Germany & animal rights

Germany is close to adding a clause to its constitution guarenteeing animal rights.

The constitution would then read: “The state takes responsibility for protecting the natural foundations of life and animals in the interest of future generations.”


Do animals have this kind of a fundamental right?

Where do these rights end?

Should these rights be guarenteed in a national constitution?

Is the German constitution too vague and will this language cause future problems?

These are not rights.

This can be seen by the following substitution:

“The state takes responsibility for protecting the natural environment in the interest of future generations.”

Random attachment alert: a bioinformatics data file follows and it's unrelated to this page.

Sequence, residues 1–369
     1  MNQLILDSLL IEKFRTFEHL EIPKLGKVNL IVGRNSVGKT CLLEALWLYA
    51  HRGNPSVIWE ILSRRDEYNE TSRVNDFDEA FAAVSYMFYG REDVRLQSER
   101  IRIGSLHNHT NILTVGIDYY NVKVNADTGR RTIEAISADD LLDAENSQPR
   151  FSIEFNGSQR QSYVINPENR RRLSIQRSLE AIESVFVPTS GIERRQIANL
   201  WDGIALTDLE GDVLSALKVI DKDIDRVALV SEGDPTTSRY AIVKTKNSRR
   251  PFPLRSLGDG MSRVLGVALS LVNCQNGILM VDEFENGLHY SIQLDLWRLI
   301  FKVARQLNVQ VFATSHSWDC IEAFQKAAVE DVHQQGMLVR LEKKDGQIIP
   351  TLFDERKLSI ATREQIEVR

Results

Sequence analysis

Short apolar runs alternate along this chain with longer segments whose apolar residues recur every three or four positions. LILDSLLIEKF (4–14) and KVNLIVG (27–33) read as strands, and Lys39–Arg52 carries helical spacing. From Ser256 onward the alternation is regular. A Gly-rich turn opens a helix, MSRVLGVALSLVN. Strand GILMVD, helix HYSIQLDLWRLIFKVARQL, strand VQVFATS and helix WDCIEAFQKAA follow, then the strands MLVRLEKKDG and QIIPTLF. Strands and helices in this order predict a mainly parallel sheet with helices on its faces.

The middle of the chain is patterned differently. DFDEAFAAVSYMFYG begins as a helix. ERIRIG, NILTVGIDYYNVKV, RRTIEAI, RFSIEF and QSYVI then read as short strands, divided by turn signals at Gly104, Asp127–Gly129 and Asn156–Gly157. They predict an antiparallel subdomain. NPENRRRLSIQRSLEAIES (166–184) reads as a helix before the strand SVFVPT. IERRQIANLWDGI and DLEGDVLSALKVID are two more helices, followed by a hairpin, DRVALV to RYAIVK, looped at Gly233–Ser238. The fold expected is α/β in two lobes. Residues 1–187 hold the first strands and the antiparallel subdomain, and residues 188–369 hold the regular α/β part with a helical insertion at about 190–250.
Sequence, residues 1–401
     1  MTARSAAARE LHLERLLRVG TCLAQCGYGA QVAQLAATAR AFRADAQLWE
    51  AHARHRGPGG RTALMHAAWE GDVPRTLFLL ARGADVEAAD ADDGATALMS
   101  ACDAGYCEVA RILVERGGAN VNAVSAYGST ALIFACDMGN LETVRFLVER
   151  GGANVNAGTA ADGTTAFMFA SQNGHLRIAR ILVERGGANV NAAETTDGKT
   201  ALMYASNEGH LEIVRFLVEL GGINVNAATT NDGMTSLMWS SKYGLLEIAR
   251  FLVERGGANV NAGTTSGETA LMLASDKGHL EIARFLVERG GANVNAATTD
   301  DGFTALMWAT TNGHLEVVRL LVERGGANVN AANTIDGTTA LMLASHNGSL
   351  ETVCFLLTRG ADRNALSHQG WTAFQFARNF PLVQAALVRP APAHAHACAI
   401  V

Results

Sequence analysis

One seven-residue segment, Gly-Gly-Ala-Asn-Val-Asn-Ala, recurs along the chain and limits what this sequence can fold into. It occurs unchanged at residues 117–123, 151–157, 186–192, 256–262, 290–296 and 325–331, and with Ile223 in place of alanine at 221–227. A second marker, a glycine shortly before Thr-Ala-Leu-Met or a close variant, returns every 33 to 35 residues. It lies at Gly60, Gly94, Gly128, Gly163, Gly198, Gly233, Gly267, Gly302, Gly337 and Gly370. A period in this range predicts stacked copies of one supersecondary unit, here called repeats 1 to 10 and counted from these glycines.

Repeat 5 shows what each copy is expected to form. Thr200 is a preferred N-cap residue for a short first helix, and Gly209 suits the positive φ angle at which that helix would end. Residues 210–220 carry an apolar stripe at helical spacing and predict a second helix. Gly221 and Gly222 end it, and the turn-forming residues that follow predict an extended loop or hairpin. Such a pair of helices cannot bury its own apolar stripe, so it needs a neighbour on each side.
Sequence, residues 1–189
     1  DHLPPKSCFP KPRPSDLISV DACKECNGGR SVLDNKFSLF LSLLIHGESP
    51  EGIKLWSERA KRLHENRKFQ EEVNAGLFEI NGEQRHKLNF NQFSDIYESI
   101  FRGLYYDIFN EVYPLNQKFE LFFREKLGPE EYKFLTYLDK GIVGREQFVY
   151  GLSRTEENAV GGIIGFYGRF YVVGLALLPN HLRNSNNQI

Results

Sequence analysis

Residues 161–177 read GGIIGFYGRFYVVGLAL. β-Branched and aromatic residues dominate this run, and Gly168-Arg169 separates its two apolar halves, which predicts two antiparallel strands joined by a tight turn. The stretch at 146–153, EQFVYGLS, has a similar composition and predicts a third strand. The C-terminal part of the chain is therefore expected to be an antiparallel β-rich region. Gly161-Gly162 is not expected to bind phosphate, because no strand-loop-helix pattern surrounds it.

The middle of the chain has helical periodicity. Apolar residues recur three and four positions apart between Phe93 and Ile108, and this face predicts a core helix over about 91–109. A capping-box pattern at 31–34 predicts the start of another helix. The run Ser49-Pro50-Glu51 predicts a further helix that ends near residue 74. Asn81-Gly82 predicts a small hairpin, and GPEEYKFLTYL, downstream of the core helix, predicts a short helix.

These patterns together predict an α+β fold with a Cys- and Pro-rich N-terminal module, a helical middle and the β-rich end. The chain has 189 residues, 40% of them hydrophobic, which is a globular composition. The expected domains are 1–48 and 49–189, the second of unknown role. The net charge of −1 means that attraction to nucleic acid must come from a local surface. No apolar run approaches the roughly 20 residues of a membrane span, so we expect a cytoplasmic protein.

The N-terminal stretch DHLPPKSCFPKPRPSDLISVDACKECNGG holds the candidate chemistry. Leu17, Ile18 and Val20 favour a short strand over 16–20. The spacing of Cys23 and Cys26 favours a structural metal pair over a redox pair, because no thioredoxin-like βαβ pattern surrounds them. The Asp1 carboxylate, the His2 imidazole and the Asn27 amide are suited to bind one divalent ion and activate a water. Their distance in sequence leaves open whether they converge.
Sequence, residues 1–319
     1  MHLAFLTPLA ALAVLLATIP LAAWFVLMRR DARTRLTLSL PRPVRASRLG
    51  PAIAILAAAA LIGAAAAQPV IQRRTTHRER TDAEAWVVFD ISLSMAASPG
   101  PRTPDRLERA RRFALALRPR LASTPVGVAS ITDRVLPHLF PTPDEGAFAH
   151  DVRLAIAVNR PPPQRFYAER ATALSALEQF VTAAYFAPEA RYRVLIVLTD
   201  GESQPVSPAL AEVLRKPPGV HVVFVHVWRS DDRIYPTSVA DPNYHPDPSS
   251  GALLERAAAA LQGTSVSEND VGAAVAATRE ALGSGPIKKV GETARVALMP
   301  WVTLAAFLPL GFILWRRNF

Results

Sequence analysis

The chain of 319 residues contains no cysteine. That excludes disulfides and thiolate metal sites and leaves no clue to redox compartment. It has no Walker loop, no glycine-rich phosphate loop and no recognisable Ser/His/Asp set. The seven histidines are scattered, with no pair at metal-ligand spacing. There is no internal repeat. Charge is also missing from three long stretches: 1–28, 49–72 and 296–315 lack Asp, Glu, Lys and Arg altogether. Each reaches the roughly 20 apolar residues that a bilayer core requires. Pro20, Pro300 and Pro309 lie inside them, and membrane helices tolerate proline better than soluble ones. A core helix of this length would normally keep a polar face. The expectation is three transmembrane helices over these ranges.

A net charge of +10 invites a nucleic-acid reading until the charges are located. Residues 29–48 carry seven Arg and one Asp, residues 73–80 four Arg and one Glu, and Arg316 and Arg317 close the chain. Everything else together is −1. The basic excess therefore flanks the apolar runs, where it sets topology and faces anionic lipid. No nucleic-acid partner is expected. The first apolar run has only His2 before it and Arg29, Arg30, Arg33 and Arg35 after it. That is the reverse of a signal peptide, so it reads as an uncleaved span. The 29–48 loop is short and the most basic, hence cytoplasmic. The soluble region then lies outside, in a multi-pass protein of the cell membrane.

No-one would claim that the Constitution was offering ‘Rights’ to the environment, merely protection.

‘Rights’ implies something other than ‘Protection’ which is what is offered here.

It seems to me it would protect the rights of the “future generations”, not of the animals. The word “animal” doesn’t even appear…

I thought it was strange to say “life and animals” which implies that the origianl ‘life’ didn’t include animals. I assume the animals they are referring to are alive.

How will this affect animal research?

Much depends on how the German constitution operates. Not every constitution gives the courts power to review and, if necessary, strike down legislation or executive acts because they are considered to infringe constitutional principles. It is clear that the intention here is to protect the interests of “future generations” (of people, presumably, not of animals) but the thinking may be that this is an exhortation addressed to the legislators and the executive as to the objectives which should underly their deliberations, rather than an overriding principle by which the validity of all acts will be judged.

Any German dopers who can cast some light on this?